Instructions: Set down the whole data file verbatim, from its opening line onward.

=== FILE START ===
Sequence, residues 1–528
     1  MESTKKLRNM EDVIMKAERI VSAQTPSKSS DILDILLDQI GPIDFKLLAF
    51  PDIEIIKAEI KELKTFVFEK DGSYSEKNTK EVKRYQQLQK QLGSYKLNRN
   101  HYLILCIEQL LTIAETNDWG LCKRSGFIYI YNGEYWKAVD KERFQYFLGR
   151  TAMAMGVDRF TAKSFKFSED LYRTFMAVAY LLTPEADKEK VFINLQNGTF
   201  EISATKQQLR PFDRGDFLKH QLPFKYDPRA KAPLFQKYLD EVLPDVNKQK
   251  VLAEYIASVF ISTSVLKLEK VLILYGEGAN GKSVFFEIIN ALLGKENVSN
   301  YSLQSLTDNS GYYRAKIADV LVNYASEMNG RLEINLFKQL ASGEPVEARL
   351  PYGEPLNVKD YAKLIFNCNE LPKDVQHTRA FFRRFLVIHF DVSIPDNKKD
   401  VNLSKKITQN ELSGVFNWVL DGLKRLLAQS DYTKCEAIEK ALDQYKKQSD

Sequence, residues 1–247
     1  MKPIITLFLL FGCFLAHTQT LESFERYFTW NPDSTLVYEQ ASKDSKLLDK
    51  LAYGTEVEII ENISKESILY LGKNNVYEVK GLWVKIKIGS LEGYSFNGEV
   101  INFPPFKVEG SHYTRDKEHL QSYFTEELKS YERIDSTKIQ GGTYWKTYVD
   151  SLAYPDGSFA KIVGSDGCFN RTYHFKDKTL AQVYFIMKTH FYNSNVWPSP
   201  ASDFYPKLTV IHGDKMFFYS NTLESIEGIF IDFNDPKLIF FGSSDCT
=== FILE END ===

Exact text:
Sequence, residues 1–528
     1  MESTKKLRNM EDVIMKAERI VSAQTPSKSS DILDILLDQI GPIDFKLLAF
    51  PDIEIIKAEI KELKTFVFEK DGSYSEKNTK EVKRYQQLQK QLGSYKLNRN
   101  HYLILCIEQL LTIAETNDWG LCKRSGFIYI YNGEYWKAVD KERFQYFLGR
   151  TAMAMGVDRF TAKSFKFSED LYRTFMAVAY LLTPEADKEK VFINLQNGTF
   201  EISATKQQLR PFDRGDFLKH QLPFKYDPRA KAPLFQKYLD EVLPDVNKQK
   251  VLAEYIASVF ISTSVLKLEK VLILYGEGAN GKSVFFEIIN ALLGKENVSN
   301  YSLQSLTDNS GYYRAKIADV LVNYASEMNG RLEINLFKQL ASGEPVEARL
   351  PYGEPLNVKD YAKLIFNCNE LPKDVQHTRA FFRRFLVIHF DVSIPDNKKD
   401  VNLSKKITQN ELSGVFNWVL DGLKRLLAQS DYTKCEAIEK ALDQYKKQSD

Sequence, residues 1–247
     1  MKPIITLFLL FGCFLAHTQT LESFERYFTW NPDSTLVYEQ ASKDSKLLDK
    51  LAYGTEVEII ENISKESILY LGKNNVYEVK GLWVKIKIGS LEGYSFNGEV
   101  INFPPFKVEG SHYTRDKEHL QSYFTEELKS YERIDSTKIQ GGTYWKTYVD
   151  SLAYPDGSFA KIVGSDGCFN RTYHFKDKTL AQVYFIMKTH FYNSNVWPSP
   201  ASDFYPKLTV IHGDKMFFYS NTLESIEGIF IDFNDPKLIF FGSSDCT